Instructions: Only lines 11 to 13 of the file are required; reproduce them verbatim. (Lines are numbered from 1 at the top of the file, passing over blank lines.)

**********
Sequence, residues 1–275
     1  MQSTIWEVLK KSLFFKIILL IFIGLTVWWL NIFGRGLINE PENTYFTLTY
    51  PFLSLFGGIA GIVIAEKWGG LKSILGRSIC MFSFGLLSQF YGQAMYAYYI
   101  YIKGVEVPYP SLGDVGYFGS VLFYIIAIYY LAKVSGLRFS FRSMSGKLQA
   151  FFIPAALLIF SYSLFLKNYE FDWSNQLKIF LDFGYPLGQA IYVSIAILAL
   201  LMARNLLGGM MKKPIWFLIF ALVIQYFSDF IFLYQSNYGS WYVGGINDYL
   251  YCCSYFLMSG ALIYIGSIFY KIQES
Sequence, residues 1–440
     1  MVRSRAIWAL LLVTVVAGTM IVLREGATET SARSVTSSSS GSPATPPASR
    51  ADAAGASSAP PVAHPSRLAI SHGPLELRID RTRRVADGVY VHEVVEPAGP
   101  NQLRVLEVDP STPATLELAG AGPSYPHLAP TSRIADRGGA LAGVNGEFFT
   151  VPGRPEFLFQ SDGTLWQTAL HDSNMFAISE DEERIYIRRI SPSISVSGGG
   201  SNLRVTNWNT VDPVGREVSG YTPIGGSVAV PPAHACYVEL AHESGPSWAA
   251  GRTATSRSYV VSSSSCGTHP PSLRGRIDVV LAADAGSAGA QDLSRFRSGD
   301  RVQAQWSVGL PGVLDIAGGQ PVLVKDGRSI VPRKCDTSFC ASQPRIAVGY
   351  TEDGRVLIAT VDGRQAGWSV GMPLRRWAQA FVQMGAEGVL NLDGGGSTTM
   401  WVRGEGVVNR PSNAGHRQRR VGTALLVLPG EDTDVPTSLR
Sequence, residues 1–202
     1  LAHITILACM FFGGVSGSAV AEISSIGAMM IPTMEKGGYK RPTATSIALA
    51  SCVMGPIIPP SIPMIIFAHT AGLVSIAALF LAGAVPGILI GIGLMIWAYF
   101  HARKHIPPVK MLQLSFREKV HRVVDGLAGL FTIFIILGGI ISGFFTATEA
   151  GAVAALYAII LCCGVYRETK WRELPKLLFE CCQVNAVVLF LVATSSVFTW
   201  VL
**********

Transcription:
   101  NQLRVLEVDP STPATLELAG AGPSYPHLAP TSRIADRGGA LAGVNGEFFT
   151  VPGRPEFLFQ SDGTLWQTAL HDSNMFAISE DEERIYIRRI SPSISVSGGG
   201  SNLRVTNWNT VDPVGREVSG YTPIGGSVAV PPAHACYVEL AHESGPSWAA